A man and woman feared to have been exposed to an unknown substance are in a critical condition, prompting police to declare a major incident.
The pair, in their 40s, were found unconscious in what was thought to be in a drugs-related incident in Amesbury, Wiltshire, on Saturday.
Further tests on the substance are being carried out to identify it.
Amesbury is about 10 miles from Salisbury, where a former Russian spy and his daughter were poisoned.
Sergei Skripal and daughter Yulia were poisoned with Novichok, a suspected military nerve agent, in March.
Police said they are “open-minded” about the cause after a couple were found at a house in Muggleton Road, Amesbury.
While it was not clear whether a crime had been committed, the force said, a number of places in Amesbury and Salisbury known to have been frequented by the couple had been cordoned off.
- Russian spy: What happened to the Skripals?
“It was initially believed that the two patients fell ill after using possibly heroin or crack cocaine from a contaminated batch of drugs,” Wiltshire Police said.
“They are both currently receiving treatment for suspected exposure to an unknown substance at Salisbury District Hospital,” it added.
The couple are believed to have attended a family fun day at Amesbury Baptist Church on Saturday afternoon before they were found unconscious in the property.
Roy Collins, church secretary, said “nobody else has suffered any ill-effects” from attending the community event and “there was nothing going on that was nefarious”.
“There have been no reports of any other incidents,” he said.
“We are all quite puzzled and shocked – naturally the connection with Salisbury and recent events there mean there is a heightened public interest.”
At the scene: Charlotte Callen, Home Affairs Correspondent
Neighbours tell me the peace at this usually quiet new estate in Amesbury was broken at about 06:30 BST on Saturday evening.
It was hot and many were out having barbecues when they heard sirens and saw flashing lights as first ambulances, then the fire brigade and police arrived in Muggleton Road.
They saw seven fire engines and fire officers wearing hazmat suits at the scene. The house was cordoned off and the word here was that this was a suspected drugs overdose.
This morning many are in disbelief that this has been declared a major incident and that so many reporters from national media have descended on their doorsteps.
Two police cars and three officers are here as Wiltshire Police is yet again dealing with a major incident just a few miles away from where Sergei and Yulia Skripal were found.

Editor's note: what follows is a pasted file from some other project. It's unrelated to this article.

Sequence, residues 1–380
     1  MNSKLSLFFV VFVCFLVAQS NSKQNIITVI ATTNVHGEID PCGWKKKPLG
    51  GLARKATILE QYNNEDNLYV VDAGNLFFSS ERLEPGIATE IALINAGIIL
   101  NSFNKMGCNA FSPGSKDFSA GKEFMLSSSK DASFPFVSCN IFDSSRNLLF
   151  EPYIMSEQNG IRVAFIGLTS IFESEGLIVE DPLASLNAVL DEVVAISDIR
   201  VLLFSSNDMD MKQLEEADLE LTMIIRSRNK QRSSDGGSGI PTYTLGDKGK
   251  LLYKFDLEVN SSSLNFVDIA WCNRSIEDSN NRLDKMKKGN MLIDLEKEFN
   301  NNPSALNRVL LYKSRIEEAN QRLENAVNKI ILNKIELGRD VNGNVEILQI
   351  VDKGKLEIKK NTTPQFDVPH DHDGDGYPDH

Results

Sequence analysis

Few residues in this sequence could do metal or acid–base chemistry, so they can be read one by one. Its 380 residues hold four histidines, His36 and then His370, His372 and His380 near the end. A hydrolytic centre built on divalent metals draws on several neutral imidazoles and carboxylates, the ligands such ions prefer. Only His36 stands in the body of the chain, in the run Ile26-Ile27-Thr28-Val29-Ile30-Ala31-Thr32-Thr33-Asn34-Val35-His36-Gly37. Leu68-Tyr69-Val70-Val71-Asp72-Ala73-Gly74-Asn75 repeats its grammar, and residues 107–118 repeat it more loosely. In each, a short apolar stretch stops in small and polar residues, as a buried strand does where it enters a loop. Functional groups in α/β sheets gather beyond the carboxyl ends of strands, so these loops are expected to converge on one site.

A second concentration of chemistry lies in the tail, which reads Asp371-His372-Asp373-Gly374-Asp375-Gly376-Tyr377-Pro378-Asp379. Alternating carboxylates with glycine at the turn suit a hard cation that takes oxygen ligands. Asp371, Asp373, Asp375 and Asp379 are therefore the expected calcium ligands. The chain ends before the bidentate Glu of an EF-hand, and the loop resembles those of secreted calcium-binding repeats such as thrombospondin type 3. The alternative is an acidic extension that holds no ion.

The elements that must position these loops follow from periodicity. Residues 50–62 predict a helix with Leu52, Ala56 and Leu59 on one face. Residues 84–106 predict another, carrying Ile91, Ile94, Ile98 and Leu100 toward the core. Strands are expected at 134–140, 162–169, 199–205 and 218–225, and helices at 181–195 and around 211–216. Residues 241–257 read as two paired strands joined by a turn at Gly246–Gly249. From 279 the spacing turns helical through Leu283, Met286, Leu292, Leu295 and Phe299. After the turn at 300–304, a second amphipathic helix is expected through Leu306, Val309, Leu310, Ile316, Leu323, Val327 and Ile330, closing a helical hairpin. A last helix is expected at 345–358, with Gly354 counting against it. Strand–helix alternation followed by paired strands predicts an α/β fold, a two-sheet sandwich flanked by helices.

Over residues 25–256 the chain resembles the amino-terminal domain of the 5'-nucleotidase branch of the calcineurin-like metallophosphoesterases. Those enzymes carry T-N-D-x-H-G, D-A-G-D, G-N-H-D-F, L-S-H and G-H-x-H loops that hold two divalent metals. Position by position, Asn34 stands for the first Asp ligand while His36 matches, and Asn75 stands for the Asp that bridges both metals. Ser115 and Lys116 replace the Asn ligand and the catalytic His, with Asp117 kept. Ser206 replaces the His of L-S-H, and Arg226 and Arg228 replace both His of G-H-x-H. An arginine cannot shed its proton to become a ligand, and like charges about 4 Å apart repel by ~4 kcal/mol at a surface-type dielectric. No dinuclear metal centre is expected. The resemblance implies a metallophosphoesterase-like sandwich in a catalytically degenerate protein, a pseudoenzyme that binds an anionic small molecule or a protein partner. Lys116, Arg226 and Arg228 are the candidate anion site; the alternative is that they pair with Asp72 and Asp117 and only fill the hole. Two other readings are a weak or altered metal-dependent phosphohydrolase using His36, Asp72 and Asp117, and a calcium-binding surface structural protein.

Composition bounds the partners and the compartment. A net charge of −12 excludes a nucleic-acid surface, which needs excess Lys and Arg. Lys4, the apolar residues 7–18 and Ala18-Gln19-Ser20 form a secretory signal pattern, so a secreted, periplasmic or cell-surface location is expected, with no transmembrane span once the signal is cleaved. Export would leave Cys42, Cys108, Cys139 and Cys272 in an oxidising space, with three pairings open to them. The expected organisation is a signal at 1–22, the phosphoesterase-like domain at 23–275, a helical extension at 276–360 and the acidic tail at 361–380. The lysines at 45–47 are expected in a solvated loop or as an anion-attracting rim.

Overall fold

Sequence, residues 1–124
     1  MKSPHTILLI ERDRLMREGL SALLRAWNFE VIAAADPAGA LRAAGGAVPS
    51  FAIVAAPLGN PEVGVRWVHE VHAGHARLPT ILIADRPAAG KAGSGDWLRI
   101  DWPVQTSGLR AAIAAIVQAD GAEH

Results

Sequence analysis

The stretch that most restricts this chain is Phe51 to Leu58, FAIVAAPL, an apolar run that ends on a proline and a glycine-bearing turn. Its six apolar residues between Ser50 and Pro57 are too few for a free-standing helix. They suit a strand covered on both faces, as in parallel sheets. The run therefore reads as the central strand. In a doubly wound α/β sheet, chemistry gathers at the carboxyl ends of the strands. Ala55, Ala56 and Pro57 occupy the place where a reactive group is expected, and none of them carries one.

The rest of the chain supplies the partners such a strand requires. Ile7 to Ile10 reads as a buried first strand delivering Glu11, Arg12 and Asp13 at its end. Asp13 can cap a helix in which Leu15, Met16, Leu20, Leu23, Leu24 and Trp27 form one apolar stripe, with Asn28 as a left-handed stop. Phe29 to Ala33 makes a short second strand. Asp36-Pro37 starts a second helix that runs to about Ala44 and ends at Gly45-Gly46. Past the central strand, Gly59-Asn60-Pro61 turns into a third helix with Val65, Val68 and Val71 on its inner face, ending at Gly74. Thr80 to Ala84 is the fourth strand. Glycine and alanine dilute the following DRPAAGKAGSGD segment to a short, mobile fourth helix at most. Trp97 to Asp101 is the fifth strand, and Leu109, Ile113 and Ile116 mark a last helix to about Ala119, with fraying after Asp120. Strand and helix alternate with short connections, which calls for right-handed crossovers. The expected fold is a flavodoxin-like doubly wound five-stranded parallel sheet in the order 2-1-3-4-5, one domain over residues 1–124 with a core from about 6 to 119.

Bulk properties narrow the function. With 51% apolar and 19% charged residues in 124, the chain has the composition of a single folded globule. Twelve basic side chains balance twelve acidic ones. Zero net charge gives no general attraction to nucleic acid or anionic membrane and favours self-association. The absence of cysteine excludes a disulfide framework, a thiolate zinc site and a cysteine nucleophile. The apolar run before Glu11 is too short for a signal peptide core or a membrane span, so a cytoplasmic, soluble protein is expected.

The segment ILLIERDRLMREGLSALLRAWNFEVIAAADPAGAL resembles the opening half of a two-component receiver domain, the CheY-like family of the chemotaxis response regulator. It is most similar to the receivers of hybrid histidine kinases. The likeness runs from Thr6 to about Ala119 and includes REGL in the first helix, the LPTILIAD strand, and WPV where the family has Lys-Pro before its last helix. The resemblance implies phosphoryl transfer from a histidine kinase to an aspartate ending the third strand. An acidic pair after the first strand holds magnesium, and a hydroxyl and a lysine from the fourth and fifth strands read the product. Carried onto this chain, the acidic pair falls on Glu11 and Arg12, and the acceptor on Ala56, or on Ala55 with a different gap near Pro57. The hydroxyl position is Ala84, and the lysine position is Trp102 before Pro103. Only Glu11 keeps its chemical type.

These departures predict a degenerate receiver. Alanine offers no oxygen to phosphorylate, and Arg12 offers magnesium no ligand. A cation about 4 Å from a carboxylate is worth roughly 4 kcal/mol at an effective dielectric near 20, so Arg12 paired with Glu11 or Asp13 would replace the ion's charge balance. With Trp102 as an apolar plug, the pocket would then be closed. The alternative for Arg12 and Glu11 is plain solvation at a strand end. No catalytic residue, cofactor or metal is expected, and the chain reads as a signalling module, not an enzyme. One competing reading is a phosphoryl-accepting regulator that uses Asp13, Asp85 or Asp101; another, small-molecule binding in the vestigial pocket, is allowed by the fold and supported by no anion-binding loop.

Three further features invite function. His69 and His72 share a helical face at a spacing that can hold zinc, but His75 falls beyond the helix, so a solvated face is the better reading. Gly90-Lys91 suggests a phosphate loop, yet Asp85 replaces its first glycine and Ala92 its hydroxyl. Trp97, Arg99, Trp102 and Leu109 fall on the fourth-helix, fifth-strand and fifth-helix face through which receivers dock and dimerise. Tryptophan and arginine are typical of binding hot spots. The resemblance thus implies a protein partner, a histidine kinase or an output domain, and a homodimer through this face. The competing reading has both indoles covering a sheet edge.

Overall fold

Wiltshire and Dorset Fire Rescue Service said seven vehicles and two specialist ones had attended Muggleton Road on Saturday evening.
Crews in hazmat suits, which are worn to deal with dangerous or hazardous substances, were sent to the scene in what the fire service described as a “standard procedure response”.
Chloe Edwards, a 17-year-old college student who lives near the cordoned-off flat, said she was having dinner when “all these emergency vehicles turned up” and was told to stay inside.
“They were putting on these green suits and we thought it was the gas as our electricity was turned off as well,” she said.
“We wanted to know what happened and with the Russian attack happening not long ago we just assumed the worst.
“I am not sure how long they were in there but we couldn’t get out of the house for two-and-a-half hours.”
Local resident Jake Murphy said he was watching the football on Tuesday night when “all these police cars appeared”.
“I didn’t know what was happening,” he said.
Justin Doughty, who lives opposite the police cordon, said none of the residents have been “told anything by the police”.
“We would have thought the police would have been more forthcoming and keep us in the loop.”
A government spokesman said ministers were “being kept up to date about the incident in Amesbury”.
Wiltshire’s Police and Crime Commissioner Angus Macpherson said the police had worked hard at “containing any risk that might be there”.
“There’s no reason to think it’s connected with matters of last month,” he said.
“I haven’t seen anything in this incident yet that I would consider to be an overreaction in terms of previous incidents, it all seems fairly textbook.”
Public Health England said it did not believe there was a “significant health risk” to the wider public, although its advice was being continually assessed.
The hospital was “open as usual” and advised patients to attend routine appointments unless contacted and advised to do otherwise.